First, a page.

November 6, 2009
George Washington's Letter
Earlier this week, I taught a seminar at a local university on the history of the book. I gave the presentation in a room filled with documentary treasures: several medieval manuscripts, a sixteenth-century Bible, a colonial American hymnal, and several textual artifacts from the Revolutionary War.
The audience consisted largely of retired professors, librarians, and undergraduates who were promised extra credit in exchange for attendance. They were a lively bunch, especially the two students seated in the back row who fought boredom by drawing stick figure sketches of a woman who looked a lot like me hanging from a noose.
My audience was most alert when I finished my presentation and invited them to take a closer look at the items on the table.
"You can touch anything except for the letter written by George Washington," I told them.
To their credit, the college students did their best to avoid the letter. In the end, however, most managed to accidentally manhandle it.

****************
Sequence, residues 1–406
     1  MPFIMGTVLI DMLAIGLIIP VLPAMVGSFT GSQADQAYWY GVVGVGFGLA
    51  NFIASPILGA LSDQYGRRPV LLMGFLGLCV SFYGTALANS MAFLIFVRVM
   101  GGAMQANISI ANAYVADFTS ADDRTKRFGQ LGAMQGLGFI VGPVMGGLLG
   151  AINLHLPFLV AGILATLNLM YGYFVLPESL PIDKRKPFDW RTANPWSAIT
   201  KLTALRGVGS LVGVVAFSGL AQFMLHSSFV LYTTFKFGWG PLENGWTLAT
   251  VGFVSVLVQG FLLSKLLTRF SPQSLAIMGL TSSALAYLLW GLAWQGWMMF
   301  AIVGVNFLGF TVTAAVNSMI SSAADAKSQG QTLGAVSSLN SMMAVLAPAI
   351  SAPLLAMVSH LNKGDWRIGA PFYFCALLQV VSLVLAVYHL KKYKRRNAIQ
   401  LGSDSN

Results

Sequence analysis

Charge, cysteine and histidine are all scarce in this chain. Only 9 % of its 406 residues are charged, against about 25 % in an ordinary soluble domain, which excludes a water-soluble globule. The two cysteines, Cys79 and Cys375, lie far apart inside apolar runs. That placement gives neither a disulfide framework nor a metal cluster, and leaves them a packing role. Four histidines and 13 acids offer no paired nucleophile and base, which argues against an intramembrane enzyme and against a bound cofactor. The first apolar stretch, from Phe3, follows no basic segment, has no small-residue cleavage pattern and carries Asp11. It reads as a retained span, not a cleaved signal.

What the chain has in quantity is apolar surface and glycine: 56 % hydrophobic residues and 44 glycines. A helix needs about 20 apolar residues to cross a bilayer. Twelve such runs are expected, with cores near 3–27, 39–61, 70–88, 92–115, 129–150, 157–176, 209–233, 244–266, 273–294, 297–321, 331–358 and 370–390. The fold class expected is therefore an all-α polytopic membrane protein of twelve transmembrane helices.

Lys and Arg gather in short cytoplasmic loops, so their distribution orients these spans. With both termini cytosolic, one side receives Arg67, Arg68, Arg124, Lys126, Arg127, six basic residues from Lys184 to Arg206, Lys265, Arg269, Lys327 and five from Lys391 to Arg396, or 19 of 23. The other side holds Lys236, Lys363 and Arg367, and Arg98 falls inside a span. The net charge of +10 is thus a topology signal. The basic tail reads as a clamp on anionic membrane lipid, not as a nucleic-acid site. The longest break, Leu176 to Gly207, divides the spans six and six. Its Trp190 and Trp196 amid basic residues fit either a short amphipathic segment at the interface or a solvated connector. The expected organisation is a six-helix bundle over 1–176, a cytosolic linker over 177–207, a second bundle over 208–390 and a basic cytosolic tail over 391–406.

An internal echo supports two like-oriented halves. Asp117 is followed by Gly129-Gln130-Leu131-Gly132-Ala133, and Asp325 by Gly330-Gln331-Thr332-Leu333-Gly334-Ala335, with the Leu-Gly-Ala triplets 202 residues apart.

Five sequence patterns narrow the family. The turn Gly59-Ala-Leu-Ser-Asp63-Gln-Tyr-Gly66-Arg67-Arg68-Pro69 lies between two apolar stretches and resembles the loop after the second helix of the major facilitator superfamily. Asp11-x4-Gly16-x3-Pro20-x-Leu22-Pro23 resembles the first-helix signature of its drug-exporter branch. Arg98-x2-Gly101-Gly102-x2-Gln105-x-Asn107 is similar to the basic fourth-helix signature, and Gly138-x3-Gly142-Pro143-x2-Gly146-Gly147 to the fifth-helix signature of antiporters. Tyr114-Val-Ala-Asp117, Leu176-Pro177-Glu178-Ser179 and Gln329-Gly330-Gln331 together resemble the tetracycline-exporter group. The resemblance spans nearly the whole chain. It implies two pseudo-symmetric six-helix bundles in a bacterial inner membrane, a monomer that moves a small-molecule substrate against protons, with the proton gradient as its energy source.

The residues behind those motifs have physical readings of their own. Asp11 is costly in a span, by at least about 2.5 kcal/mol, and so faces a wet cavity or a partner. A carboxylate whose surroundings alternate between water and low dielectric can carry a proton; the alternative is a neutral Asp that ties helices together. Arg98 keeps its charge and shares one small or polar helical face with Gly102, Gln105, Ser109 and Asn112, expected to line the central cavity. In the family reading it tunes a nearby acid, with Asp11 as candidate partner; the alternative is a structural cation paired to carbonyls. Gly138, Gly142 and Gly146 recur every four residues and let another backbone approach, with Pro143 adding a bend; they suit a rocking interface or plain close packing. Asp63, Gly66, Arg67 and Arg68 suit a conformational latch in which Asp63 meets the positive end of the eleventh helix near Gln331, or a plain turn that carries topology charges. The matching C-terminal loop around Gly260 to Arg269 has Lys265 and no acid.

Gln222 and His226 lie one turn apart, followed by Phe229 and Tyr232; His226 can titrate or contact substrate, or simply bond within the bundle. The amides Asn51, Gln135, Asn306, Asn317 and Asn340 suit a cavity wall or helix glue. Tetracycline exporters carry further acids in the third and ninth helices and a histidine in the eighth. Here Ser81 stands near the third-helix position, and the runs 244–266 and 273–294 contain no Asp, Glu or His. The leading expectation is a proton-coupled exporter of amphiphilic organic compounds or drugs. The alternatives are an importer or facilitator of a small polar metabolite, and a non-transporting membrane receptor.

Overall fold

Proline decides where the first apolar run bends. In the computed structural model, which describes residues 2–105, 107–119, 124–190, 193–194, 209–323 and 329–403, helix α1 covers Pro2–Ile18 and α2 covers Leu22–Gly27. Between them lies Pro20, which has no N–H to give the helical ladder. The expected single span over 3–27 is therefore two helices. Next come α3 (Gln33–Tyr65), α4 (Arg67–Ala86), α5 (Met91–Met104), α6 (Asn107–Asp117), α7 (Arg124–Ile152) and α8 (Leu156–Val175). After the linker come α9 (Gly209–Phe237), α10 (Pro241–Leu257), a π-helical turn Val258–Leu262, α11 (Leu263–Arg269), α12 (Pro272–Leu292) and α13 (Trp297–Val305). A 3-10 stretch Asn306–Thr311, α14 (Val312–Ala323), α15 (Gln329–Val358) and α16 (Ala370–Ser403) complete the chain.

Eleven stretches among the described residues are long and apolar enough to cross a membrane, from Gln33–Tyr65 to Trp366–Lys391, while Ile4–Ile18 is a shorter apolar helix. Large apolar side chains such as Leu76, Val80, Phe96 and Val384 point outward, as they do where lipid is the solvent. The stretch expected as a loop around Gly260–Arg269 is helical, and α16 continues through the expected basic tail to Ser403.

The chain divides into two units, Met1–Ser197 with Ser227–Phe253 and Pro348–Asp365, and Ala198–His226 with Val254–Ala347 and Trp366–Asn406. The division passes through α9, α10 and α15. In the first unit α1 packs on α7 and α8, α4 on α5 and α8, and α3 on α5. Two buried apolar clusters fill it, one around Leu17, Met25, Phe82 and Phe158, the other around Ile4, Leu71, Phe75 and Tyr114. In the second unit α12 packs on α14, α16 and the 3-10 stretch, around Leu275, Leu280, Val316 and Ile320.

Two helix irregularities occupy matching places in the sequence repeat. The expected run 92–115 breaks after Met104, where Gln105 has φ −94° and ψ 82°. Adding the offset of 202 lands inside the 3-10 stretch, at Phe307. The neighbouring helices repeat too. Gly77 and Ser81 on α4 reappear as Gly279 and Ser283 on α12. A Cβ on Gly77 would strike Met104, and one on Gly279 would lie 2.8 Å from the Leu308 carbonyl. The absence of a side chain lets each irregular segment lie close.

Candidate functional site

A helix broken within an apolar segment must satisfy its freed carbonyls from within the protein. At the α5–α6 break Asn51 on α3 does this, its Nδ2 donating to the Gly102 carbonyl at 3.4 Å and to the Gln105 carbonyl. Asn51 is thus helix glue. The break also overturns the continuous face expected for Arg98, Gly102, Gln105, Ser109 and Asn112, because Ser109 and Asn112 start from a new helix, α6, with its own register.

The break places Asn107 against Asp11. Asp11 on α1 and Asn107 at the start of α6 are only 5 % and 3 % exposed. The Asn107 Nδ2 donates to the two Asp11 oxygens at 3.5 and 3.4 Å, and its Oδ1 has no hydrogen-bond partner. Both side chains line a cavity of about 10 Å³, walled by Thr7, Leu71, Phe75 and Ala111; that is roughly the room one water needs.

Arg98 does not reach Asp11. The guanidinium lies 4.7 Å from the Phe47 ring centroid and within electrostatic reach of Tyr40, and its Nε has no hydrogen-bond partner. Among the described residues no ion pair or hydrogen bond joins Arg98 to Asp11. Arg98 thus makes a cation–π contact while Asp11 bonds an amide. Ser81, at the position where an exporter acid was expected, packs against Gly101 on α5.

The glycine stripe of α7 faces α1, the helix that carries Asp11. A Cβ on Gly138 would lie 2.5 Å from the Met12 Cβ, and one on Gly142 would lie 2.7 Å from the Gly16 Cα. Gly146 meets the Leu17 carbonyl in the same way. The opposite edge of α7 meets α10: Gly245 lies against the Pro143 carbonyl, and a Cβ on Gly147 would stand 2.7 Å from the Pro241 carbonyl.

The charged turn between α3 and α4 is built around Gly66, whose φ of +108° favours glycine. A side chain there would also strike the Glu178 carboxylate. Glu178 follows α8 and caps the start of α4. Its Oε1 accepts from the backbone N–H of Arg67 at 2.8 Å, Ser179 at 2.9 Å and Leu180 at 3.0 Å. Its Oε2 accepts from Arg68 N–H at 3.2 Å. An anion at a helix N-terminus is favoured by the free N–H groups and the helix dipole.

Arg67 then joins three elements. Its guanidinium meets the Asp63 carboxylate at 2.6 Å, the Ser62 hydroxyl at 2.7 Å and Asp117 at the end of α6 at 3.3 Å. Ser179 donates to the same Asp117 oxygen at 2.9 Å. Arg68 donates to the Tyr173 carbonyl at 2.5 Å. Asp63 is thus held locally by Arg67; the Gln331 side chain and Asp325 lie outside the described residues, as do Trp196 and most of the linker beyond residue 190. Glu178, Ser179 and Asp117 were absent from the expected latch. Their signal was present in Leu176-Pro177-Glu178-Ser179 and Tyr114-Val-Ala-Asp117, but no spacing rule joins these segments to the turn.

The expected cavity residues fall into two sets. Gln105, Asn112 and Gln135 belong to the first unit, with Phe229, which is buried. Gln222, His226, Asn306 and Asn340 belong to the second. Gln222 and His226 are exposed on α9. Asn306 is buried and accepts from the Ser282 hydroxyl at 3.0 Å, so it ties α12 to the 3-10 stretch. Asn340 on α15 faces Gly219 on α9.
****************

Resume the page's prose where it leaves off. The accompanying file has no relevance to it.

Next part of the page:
"I told you not to touch it!" I shrieked at two sophomores.
"We didn't!" they replied in unison.
"I saw you pick it up!" I said.
A few minutes later, I caught another student attempting to lift the letter off the table with the eraser end of a pencil.
"For real?" I asked, snatching the letter away from the two/twenty-year-old.
A long lecture followed about the importance of good listening skills. I explained that no one was allowed to touch the letter because the oils from our fingers can damage the paper and smudge the ink.
In the middle of my sermon, one student raised his hand.
"Yes?" I asked, visibly annoyed.
The student apologized for interrupting my moralizing speech, but thought it prudent to point out that at that very moment I was holding Washington's letter in ungloved hands.